Justice

Why Valeant Pharmaceuticals Is Under Fire

Valeant Pharmaceuticals is in hot water with the public at large, after members of a Senate committee disclosed details about the company's efforts to increase profits by driving up drug prices in February.

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As part of an ongoing investigation of drug pricing practices in the pharmaceutical industry, Valeant executives have been called to testify in a series of congressional hearings this year. The investigation has produced evidence of price gouging, the Senate committee determined.

What congressional hearings have revealed about business practices at Valeant Pharmaceuticals.

To understand why Valeant has come under fire by government officials — earning the condemnation of high-profile politicians such as Massachusetts Sen. Elizabeth Warren and Democratic presidential candidate Hillary Clinton — let's look at what the company allegedly did with two heart medications, Isuprel and Nitropress, that it purchased in 2015.

After purchasing the drugs for $350 million, Valeant raised the price of Isuprel by 525 percent and Nitropress by 212 percent, a memo from the U.S. House Committee on Oversight and Government Reform shows. The company did this "overnight," and it has reportedly hiked the prices of 20 other drugs between 2014 and 2015 by at least 200 percent as well.

Internal documents obtained by the Senate committee "demonstrate that Valeant identified goals for revenues first, and then set drug prices to reach those goals," the memo reads. "Valeant employed this strategy for both Isuprel and Nitropress, generating gross revenues of more than $547 million and profits of approximately $351 million in 2015 alone."

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What's more, Valeant recognized that its investments in research and development for the two heart medications were "nominal," which appears to contradict a common argument in the pharmaceutical industry that says high drug prices are justified because companies spend the profits on research to improve drug quality and invent new drugs.

Valeant says it's justified in raising drug prices because patients who can't afford the medications can enroll in patient assistance programs.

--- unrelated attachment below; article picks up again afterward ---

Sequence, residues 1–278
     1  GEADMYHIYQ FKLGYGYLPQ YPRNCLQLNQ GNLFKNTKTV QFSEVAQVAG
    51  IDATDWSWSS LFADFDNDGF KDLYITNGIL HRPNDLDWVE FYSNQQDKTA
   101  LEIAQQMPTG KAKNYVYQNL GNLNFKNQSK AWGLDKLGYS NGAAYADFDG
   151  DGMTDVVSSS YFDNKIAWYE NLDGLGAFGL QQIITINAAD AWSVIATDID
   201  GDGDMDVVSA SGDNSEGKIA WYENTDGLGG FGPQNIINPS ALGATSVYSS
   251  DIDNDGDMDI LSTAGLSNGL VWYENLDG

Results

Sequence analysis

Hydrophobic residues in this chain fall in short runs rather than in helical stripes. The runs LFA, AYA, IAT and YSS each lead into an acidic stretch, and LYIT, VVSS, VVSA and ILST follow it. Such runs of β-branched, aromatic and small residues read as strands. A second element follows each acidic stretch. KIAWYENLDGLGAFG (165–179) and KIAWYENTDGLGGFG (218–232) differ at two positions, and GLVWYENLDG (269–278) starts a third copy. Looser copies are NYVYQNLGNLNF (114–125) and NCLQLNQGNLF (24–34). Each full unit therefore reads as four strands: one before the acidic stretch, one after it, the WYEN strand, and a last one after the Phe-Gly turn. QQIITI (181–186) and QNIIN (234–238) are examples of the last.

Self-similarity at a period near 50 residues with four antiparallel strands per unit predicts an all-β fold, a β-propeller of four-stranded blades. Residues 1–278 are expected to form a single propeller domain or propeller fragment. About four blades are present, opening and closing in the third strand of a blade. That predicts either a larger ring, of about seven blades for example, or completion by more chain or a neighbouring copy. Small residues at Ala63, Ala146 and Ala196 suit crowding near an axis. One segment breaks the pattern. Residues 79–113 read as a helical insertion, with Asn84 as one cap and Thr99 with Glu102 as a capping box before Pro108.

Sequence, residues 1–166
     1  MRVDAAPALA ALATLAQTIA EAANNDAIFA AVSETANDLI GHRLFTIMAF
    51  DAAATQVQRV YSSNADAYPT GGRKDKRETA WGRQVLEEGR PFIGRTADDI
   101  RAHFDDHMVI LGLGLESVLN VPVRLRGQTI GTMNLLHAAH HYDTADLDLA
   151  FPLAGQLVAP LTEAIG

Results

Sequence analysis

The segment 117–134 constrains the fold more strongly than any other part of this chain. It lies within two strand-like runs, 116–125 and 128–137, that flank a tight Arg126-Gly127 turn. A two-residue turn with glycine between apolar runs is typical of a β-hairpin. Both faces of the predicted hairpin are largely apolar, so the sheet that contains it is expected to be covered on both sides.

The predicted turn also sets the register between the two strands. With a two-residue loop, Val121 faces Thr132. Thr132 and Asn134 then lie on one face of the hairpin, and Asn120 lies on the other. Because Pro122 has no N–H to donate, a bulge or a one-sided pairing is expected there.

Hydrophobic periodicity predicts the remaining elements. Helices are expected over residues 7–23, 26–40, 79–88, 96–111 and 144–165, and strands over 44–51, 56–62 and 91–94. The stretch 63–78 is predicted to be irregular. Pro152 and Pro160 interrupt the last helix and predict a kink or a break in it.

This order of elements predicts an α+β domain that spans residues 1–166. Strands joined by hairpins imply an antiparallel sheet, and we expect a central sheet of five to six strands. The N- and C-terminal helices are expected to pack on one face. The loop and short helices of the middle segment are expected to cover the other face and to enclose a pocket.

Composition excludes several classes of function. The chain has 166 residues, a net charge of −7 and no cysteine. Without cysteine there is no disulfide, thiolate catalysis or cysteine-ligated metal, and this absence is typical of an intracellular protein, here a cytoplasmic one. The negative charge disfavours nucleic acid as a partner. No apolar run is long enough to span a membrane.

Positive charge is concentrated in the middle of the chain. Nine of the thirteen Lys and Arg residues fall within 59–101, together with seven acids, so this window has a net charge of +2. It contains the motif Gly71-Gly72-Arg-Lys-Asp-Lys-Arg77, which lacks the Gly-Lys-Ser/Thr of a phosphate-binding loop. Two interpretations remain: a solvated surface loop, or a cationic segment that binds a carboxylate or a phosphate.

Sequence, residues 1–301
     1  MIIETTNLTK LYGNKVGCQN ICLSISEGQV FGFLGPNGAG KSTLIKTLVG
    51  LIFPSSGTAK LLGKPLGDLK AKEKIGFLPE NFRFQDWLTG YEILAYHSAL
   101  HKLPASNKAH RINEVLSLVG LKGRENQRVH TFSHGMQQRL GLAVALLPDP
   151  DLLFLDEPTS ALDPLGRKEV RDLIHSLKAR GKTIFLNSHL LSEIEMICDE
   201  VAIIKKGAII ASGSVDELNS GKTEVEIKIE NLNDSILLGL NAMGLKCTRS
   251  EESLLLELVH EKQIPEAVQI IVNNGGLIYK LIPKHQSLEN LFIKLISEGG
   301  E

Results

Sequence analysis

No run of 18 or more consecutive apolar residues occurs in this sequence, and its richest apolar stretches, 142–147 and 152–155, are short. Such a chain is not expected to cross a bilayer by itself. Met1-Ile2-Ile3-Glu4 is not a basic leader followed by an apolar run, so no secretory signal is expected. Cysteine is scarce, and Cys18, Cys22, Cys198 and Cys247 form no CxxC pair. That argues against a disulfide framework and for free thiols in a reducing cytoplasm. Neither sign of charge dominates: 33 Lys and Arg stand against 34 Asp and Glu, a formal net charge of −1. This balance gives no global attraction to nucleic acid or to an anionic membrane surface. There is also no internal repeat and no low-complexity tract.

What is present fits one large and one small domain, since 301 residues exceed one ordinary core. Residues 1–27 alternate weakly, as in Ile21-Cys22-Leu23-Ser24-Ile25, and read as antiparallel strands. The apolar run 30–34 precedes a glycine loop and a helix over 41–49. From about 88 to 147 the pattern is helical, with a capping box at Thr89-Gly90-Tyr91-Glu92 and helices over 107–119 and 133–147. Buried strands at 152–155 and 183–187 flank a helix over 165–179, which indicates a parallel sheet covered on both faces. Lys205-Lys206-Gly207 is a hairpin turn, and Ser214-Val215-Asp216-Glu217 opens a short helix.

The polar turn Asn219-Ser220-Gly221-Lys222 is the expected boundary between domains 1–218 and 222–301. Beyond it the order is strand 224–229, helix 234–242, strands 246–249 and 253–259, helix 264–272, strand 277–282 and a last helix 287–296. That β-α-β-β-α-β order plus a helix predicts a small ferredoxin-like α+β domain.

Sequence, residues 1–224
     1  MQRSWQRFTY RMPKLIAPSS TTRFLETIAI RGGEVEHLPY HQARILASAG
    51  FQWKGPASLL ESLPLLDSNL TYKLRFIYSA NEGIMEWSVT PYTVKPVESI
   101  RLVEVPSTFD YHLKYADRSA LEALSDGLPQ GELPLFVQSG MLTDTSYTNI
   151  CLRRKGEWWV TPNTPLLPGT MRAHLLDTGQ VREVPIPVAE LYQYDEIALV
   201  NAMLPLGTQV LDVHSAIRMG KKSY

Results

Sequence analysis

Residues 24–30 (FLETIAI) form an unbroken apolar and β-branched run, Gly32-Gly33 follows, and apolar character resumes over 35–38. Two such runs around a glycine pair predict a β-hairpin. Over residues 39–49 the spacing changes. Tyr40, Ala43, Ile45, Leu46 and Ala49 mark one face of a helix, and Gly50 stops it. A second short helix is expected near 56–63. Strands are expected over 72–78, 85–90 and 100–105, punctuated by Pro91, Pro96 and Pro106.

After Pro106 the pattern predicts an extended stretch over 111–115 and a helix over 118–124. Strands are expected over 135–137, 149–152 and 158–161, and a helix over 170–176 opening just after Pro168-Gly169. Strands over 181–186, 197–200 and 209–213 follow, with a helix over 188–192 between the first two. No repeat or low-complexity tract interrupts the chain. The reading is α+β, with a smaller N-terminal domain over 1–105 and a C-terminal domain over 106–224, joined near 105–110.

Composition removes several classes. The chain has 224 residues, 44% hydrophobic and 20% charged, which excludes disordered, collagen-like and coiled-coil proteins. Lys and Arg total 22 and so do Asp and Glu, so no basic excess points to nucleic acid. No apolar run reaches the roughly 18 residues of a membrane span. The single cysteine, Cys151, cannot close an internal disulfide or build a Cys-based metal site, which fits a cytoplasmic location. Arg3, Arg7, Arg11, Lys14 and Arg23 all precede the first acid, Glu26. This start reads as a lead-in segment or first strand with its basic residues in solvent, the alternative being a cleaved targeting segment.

Patient assistance programs are popular in the U.S. pharmaceutical industry. Rather than lower the price of drugs to make it more affordable for all patients, drug companies like Valeant argue that individuals whose health insurance doesn't cover specific drugs can enroll in their patient assistance programs, which would hypothetically reduce the cost by granting waivers to qualifying patients.

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The problem is that not everyone who can't afford the drugs qualifies for patient assistance programs, which is based on income, Business Insider reports. During a recent Senate hearing, Warren pressed Valeant executives on that point, arguing that these programs only serve to increase revenue for drug companies without offering considerable assistance to patients.

"By doing this you keep the patient on the more expensive drug and then you recoup whatever from the insurance company," Warren said during Wednesday's hearing. "What I'm saying is that this must be a profitable for you. You're making more money."

Asked to comment on allegations of price gouging, a spokesperson for Valeant Pharmaceuticals provided ATTN: with a copy of the company's prepared testimony, which was presented at a Senate hearing on Wednesday.

With respect to the company's patient assistance program, Valeant wrote:

"We have other longstanding programs that provide patient assistance, such as capped copays for commercially insured patients and up to zero copays for patients meeting certain income thresholds. These programs are designed to ensure that out-of-pocket expenses do not prevent eligible patients from receiving the medicines that their doctors have prescribed. Valeant offers patient assistance programs for more than 55 products, and we expect to spend more than $1 billion on patient assistance in 2016. We are very proud of this ongoing effort to ensure affordable patient access to our prescription drug products."

Valeant isn't the only drug company accused of price gouging.


​Valeant is by no means the only drug company accused of engaging in business practices to increase its bottom line. But under federal scrutiny, the company serves as an example of the American pharmaceutical industry at large. The drug pricing patterns identified by the Senate committee reveal systemic, industry-wide issues.

What Clinton described as "predatory pricing" practices are evident in drug companies across the U.S., as ATTN: has previously reported. That's why reform advocates are calling for increased government regulation of the pharmaceutical industry — a proposal that is gaining momentum in Congress.

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